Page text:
Tag Archives: Onewhero

My Neck of the Woods: Chapter 11

228 Allen & Eyre Road, Onewhero, New Zealand

January 2012 – February 2014

Despite vowing never to move our own belongings ever again we had not learnt our lesson. We made 13 trips with a loaded down ute (pickup), 16 trips in the car, and 6 trips with a large borrowed trailer. Thank goodness for kind friends to help out, especially with the piano.

This house was an old farm house and had been the childhood home of the current owner who was moving to run a farm several hours drive away. The husband and wife owners wished us good luck and set out for their farm job. The property we had moved to was a few acres of hilly land, and had an implement shed, a fowl-house, and a large barn and pigsty. It also had a lawn tennis court and an overgrown large bank garden designed as a rockery. It had wonderful pear and orange trees. The owner kept his four cows on the land. The neighbouring farm was a cattle farm, and Molly the cow enjoyed cavorting with the bull when it jumped the fence. There is no stopping a determined bull. The first time resulted in the birth of Prince – which the owners said we were welcome to rear and keep. We did that. Prince was short for “Prince of the Freezer”. The second fence jump resulted in a little girl called Lexie.

Prince and Delia

It was a typical farmhouse set up. The house sort of meandered with no particular plan. This room had been added over time, and that room had been altered over time. It had an excellent log burner.

Eric cleared the rockery and grew wonderful vegetables. The watermelons were the tastiest ever!

I kept a new-for-me breed of chicken called Coronation Sussex. They were very pretty chickens; white with a silver neck and tail. But after several months I learnt that they were violent. I couldn’t go near the hen house without walking backwards to keep an eye out for the attacking rooster and, believe me, he could peck and draw blood like a vampire. Anyway, they were lovely to look at and even lovelier to eat. I replaced them with ducks; a creature I had never kept before.

These were called Magpie Ducks – black and white. They were enchanting. At school a parent was one of the few breeders of these ducks in the country. She was delighted when I asked if I could breed them as well.

The property had sections where wild blackberries grew rampant. Blackberry in New Zealand is classed as a noxious weed. When I was offered a goat at school, left over from the Calf Club Day by the headmaster’s son, I said I would take it. It would eat the blackberry, and after it had done its job we would put it in a stew. Billy arrived. Have you ever kept a goat? They are totally loveable and utterly affectionate. Who would possibly ever want to put him in a stew? That was years ago, and to keep this narrative brief, he now eats the blackberries on the property of one of my brothers.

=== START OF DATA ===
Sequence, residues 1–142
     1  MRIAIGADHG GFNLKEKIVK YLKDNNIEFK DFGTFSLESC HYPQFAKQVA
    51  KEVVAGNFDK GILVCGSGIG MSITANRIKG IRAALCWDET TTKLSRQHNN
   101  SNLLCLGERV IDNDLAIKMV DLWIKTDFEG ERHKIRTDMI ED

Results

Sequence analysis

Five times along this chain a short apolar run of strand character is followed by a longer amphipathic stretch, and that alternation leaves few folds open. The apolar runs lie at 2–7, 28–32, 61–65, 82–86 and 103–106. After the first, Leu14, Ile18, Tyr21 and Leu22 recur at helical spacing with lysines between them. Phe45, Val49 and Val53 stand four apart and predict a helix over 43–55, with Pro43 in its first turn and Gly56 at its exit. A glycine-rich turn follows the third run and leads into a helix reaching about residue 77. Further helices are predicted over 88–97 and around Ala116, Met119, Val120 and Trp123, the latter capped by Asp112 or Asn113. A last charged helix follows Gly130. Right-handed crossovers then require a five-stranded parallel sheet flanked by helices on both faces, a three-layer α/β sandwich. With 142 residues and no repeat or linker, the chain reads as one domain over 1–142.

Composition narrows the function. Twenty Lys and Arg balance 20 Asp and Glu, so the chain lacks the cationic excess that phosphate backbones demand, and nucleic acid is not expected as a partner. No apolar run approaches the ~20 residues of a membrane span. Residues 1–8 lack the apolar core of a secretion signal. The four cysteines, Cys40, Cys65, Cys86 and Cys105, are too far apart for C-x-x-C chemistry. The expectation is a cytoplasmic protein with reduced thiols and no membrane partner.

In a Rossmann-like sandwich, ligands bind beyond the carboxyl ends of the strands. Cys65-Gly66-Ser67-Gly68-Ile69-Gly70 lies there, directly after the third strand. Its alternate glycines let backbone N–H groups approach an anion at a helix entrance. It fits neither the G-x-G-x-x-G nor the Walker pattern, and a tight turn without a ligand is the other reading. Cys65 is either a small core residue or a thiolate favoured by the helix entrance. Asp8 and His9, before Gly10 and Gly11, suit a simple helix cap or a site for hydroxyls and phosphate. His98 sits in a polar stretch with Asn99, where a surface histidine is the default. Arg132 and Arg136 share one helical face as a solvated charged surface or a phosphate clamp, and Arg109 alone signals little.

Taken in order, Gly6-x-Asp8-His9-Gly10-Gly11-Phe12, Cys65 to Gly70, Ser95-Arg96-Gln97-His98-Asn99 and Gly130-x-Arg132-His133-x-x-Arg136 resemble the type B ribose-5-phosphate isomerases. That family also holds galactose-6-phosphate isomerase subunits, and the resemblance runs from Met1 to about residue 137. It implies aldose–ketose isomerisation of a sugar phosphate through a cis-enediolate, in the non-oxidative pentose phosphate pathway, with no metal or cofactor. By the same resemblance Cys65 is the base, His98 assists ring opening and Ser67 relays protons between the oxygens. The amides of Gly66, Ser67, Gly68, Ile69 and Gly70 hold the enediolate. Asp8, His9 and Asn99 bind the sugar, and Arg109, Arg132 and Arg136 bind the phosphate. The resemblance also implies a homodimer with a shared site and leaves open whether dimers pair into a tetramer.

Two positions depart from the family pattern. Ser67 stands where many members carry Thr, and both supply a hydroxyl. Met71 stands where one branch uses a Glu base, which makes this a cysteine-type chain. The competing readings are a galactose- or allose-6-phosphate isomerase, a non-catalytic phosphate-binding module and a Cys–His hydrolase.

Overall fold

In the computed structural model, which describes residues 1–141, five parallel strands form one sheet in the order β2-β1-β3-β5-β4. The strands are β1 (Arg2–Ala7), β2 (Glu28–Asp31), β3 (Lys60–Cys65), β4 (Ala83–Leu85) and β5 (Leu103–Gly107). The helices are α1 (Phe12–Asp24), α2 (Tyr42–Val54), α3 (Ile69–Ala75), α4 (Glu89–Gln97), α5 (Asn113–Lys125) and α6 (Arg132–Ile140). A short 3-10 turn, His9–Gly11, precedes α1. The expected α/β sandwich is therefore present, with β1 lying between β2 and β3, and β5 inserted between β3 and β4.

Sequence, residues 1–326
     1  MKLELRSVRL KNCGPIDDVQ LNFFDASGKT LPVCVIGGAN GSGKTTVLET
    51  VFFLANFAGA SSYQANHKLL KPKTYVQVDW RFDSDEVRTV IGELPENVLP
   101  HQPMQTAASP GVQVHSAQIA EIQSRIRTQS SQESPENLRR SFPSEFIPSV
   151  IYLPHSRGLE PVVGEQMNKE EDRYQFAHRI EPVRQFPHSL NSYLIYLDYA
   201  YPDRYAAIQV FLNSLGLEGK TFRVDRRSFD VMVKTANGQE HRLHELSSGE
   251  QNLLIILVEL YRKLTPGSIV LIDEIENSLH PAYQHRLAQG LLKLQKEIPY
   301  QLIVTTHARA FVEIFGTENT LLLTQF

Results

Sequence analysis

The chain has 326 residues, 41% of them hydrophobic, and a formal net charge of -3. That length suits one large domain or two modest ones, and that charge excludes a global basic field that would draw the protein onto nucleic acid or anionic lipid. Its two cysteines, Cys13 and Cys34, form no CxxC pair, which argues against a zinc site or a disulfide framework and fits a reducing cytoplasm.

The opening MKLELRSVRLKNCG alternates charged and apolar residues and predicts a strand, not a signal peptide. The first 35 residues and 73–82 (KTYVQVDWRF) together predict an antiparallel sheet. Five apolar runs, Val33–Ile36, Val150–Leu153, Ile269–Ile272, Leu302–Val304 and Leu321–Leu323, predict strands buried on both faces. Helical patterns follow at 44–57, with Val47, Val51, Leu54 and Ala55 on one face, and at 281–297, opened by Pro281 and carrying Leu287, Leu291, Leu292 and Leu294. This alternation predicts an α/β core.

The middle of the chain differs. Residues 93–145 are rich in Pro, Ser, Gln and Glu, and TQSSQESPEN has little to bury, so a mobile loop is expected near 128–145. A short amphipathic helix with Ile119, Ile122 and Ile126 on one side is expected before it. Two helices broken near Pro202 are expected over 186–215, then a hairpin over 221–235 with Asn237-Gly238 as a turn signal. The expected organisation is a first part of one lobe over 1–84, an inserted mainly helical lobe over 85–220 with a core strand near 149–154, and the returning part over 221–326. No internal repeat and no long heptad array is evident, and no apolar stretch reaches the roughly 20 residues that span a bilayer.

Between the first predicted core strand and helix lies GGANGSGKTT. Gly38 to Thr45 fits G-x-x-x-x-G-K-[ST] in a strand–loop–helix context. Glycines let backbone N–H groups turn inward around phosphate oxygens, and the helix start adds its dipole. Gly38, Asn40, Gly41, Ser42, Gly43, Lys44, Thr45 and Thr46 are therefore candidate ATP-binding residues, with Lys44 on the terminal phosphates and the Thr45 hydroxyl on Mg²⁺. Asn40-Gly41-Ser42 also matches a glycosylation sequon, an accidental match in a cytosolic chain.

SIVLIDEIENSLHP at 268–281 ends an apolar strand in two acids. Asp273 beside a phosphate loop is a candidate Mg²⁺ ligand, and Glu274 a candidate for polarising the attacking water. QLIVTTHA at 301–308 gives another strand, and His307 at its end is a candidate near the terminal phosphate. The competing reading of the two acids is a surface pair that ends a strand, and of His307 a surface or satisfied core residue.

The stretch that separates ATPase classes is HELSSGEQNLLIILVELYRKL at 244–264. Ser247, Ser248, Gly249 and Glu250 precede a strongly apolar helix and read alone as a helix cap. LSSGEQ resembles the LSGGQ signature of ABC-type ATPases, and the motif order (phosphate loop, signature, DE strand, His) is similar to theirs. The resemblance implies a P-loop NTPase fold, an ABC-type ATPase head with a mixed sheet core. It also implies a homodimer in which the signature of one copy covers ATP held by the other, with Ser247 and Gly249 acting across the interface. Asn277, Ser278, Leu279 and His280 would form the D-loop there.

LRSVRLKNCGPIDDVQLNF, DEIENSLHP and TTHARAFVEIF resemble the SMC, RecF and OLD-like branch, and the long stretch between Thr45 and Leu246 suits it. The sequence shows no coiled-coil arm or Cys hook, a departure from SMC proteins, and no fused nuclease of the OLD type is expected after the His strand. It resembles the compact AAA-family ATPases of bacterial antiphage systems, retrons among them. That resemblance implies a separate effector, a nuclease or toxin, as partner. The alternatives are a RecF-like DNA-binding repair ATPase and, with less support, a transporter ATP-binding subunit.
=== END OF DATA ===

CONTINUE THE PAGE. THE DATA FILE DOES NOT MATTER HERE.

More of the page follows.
Billy learnt to escape the fenced field. He learnt to ring the doorbell. He learnt to open the door. He learnt to go into the bathroom and eat the toilet paper. Not knowing how he escaped his field, Eric watched him for an hour to determine the method of escape. All with no luck. Eric gave up and returned to the house only to discover Billy sitting on the sofa. The goat, the dog and the cat were inseparable. Billy taught the dog how to climb things. “I never knew I could do that!” said the dog. Eventually we got Billy a long chain for his own safety.

I was given a greenhouse for my birthday – made in China. The assembly instructions were atrocious. It took us three days to put it together. It was wonderful for about a month. And then a wind came and blew it into a crumbled heap. It wasn’t our fault; it was simply poor quality.

I played the organ at the local Anglican Church for weddings and the like and for their choir and sometimes on Sundays when the Anglican bishop visited.

Eric was able to cut up and stack in the barn a huge amount of firewood.

Disaster often lurks in many guises. We were about to run out of good luck.

The headmaster at school (I shall call him Arnold to give the bastard anonymity) thought he was thoroughly modern and considered the future with the internet meant libraries and books were obsolete. He was keen to do away with the librarian and save money. He frequently came to the library on the pretext of doing something else but really it was to check to see if I was hopefully doing nothing so I could get fired.

Our next door neighbour, a horse-loving housewife, decided to hang herself from a tree. She had a son at the school. I was asked to play the piano during and after the funeral. I asked the headmaster for permission to attend and that was fine. A good number of the teachers were present as well. The next day I was having a cup of coffee in the staff room and I said to another teacher that I was a bit surprised that Arnold hadn’t attended the funeral of the parent but went to a rowing regatta. She said he was usually great when something like that happened, and I said yes, that’s why I was surprised he wasn’t there. Another staff member had overheard the conversation apparently.

A short time later I was called to the headmaster’s office. Had I criticized the headmaster behind his back?  Had I undermined his authority? He ranted and raved and foamed at the mouth. I left his office without a job. I began looking for another job. Fortunately I had several pipe organ and piano students that I continued to teach privately.